Regular sex can help protect men against prostate cancer, a medical study has found.
It showed that the most sexually-active males had less chance of contracting the potentially-fatal disease.
Frequent sex was also linked to less aggressive prostate cancer, which is more likely to respond to treatment and has a lower likelihood of spreading.
The research by experts in Boston involved nearly 30,000 men – all health professionals – aged between 46 and 81.
Doctors asked about them about their ejaculations in their 20s, 40s and during the previous year – 1991.
Over the next eight years, 1,449 men developed prostate cancer, says a report published yesterday in the Journal of the American Medical Association. On average, the men overall had four to seven ejaculations a month.
However, no increased risk of prostate cancer was seen in males who reported more frequent experiences. The two highest activity levels – 13 to 20 a month and at least 21 a month – were each linked with decreased cancer risks of 14 per cent and 33 per cent.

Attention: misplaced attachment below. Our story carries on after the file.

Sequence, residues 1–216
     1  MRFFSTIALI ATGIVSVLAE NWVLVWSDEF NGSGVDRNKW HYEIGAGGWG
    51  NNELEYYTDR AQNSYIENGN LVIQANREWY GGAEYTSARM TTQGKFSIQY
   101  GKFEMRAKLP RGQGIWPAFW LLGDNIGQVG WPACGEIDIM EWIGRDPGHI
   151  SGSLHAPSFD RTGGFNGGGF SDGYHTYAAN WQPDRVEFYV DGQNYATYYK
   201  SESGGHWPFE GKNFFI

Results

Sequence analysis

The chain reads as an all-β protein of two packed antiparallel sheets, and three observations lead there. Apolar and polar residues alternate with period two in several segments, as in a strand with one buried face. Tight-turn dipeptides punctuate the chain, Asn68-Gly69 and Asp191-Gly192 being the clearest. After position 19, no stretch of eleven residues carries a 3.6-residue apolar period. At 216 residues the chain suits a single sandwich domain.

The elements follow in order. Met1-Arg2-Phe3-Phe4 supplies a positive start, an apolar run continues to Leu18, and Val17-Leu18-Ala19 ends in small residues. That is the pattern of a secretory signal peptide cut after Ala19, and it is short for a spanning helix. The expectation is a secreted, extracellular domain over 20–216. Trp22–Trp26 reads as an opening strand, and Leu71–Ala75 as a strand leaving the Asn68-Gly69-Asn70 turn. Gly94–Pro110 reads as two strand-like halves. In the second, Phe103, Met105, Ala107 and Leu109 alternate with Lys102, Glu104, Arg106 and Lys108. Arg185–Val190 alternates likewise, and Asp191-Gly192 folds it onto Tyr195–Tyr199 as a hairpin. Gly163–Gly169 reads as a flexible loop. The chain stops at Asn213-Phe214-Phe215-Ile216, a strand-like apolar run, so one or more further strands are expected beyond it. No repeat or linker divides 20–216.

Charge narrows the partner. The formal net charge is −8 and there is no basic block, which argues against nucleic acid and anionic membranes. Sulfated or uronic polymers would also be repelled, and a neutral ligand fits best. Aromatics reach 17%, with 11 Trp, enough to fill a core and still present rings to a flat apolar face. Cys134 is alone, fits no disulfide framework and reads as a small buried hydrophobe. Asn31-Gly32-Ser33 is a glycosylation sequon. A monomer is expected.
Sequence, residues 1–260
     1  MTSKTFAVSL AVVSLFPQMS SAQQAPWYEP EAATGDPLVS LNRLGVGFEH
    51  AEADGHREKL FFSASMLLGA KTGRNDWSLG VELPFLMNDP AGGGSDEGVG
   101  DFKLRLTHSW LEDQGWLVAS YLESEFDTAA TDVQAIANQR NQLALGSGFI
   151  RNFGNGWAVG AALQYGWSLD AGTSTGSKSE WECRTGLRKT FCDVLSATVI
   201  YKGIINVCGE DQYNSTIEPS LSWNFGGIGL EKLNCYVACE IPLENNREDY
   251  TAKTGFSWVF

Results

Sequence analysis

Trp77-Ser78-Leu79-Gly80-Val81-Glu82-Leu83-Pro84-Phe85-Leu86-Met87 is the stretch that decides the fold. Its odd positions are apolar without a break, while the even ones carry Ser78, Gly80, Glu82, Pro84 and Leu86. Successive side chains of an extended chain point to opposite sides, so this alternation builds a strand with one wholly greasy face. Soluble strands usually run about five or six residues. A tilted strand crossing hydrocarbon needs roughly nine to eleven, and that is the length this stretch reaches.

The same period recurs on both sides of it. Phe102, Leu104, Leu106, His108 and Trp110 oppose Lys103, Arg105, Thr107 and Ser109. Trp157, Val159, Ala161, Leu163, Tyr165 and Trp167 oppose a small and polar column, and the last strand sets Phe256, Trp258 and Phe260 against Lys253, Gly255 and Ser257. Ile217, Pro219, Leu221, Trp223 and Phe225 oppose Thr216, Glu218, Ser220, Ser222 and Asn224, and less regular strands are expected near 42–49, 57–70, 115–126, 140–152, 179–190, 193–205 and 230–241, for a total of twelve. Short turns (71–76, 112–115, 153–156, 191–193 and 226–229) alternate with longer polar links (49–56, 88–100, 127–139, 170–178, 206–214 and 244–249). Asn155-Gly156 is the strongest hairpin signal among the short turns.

Researchers think that the activity has a protective effect because the prostate secretes the bulk of the fluid in semen, and sexual activity may flush out cancer-causing chemicals.
Another theory is that it reduces the development of calcifications in the gland that has been linked with cancer.
However, more research was needed because relatively few men in the study reported heavy sexual activity, said Dr Michael Leitzmann, of the National Cancer Institute, who led the survey.
He added: “It’s too early to suggest men should change their sexual habits to alter their prostate cancer risk.”
The cancer is now the most common form of the disease in men, with around 20,000 cases a year in Britain.
Previous studies found that males who have frequent ejaculations might be more prone to the cancer. But it appears this is because some sexual infections may trigger the disease, rather than the act itself.
It remains unclear whether there might still be a connection between frequent sexual activity and prostate cancer, as high levels of the male hormone testosterone fuel a strong sex drive and can also boost the growth of cancer cells.
Two new tests may predict which men might be most at risk from colon cancer and those most likely to die from prostate cancer if surgery or radiation fails, report U.S. researchers.
Men with long-term high levels of C-peptide – an indicator of insulin production triggered by high-fat diets and obesity – are said to be at triple the risk of developing bowel cancer.
A separate study found Prostate Specific Antigen blood test results after cancer treatment could predict patients most at risk of dying from the disease.
Both studies were published yesterday in the Journal of the National Cancer Institute.
CULLED FROM DAILY MAIL